A GIS NEWSFEATURE
October 10, 2001 --
Whenever you switched on a television in Saint Lucia up to three months
ago, there was a 95 per cent chance you would’ve been greeted by some type of
American programming. It isn’t so any more, thanks a government initiative to
bring Saint Lucians alternative, relevant television through the
newly-established National Television Network (NTN).
pervasiveness of American television isn’t just confined to Saint Lucia. It’s a
Caribbean-wide issue compounded by the fascinating appetite which the average
citizen seems to have for soap operas, sit-coms, and other productions which
glorify the American way of life. Communication specialists, cultural activists,
some economists and other scholars do see a problem, however. They contend
overexposure to American norms and values is undermining the Caribbean way of
life by subliminally influencing how our people think and fuelling unrealistic
expectations which put additional pressure on the region’s fragile economies.
operated by the Government Information Service
(GIS) on Channel 2 of the Cable & Wireless-run cable TV service, is a
response to such well-documented concerns.
On air since the middle of May when test transmissions began, NTN is
initially offering four hours of programming daily from 6 to 10 pm. The exciting
mix of educational and informative programming which places emphasis on domestic
happenings and issues, is then repeated around the clock until 6 p.m the
following day when a new broadcasting cycle begins. The plan is for NTN to
evolve gradually into a full-fledged 24-hour operation over the next five years.
we speak of “alternative” programming, we mean that what you will see on NTN is
not what you will get on the other channels which offer mainly American fare,”
explained Embert Charles, Director of Information Services. “When we speak of
“relevant”, we mean programming which allows Saint Lucians to see images
of themselves, as well as other people in the Caribbean and elsewhere who are
facing similar challenges in our common quest for development.”
added: “Most importantly, we are seeking to empower our people through relevant
information, not only about what government specifically is doing on their
behalf but also about the many complex international issues we face as a nation
and region, so that we as Saint Lucians are in a better position to make wise
choices as we search for solutions to common problems. We believe that this is
very important for our development”
Being an arm
of GIS, NTN naturally will give priority to providing information about
government’s policies, programmes and activities in keeping with the mandate of
GIS. NTN, however, goes far beyond government. Reflecting its designation as a
“national” medium, NTN is more about involving communities around the island and
giving them a voice in pursuit of their development aspirations. Communities,
therefore, can look forward to receiving significant coverage of their various
events and activities on NTN. The type of coverage previously neglected by the
NTN is also
about encouraging and nurturing local television production talent. Once
independent producers come up with programmes which satisfy the criteria of NTN
for broadcast, they will have access to the airwaves. Already, one such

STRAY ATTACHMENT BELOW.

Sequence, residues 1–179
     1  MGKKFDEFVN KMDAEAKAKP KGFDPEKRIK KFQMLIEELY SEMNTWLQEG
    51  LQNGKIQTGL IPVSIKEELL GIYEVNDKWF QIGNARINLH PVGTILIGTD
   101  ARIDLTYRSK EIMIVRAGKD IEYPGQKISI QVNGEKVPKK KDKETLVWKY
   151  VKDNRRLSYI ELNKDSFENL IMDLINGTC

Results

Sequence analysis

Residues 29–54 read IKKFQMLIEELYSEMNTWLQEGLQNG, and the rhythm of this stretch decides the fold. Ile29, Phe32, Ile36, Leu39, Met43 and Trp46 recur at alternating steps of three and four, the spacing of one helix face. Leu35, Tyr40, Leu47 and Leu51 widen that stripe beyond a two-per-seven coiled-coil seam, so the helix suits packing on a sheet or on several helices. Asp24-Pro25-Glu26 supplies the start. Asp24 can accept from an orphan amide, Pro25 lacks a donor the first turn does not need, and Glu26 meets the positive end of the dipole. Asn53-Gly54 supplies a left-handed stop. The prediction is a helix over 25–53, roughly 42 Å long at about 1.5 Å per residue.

production house, Visual Domain Ltd., has seized the opportunity to get its
Tourism Guide programme on air. And it has received rave reviews. To further
diversify its output, NTN also plans to source relevant material from other GISs
in the Caribbean, regional television stations like the Caribbean Media
Corporation (CMC), private TV production houses like Banyan in Trinidad, and
international organizations like the United Nations and the Commonwealth.
our early test transmissions, we broadcast the Windrush series of programmes
looking at the contribution of West
Indian immigrants in the United Kingdom and the conditions they faced on arrival
there in the 50s and 60s,” said Principal Information Officer, Roger Joseph. “We
had very positive public feedback on this as well other programmes including one
from Banyan featuring an interview with the late Lord Kitchener and an old film
by Derek Walcott called the Rig.”
“This type of spontaneous public response demonstrates there is
demand out there for this type of programming and we are pleased to serve the
public in this regard,” added Joseph who has been overseeing the smooth
implementation of the NTN project.
months of successful testing, NTN is getting ready for its formal launch. Saint
Lucia has broken new ground in the Caribbean with NTN, taking a new approach to
public service broadcasting to provide a solution to the longstanding serious
imbalance between foreign and local information and images on domestic
television screens. It’s a project in which Prime Minister Hon. Dr. Kenny D.
Anthony, as the minister responsible for information, has taken keen interest.
Dr. Anthony sees information playing a pivotal role not only in cultivating an
improved relationship between Government and Saint Lucians but also in helping
Saint Lucians to develop a clear perspective of themselves in relation to the
rest of the world.
a small, developing society, with scarce resources, St. Lucia needs a healthy
balance between the necessity for public service broadcasting and the inevitable
growth of competitive, commercial, advertising-based mass media,” said Dr.
Anthony of the role of broadcasting in contemporary society at the opening of
the new complex of the HTS broadcasting company three years ago. “To inform,
educate and entertain; to build a healthy national consciousness; to inspire a
positive sense of shared national purpose; to create necessary ethical
sensibilities - surely, all these must be among the purposes of the broadcasting
profession,” he added.
NTN will strive to achieve these high standards and a whole lot more. The official launching is set for October 14, 2001.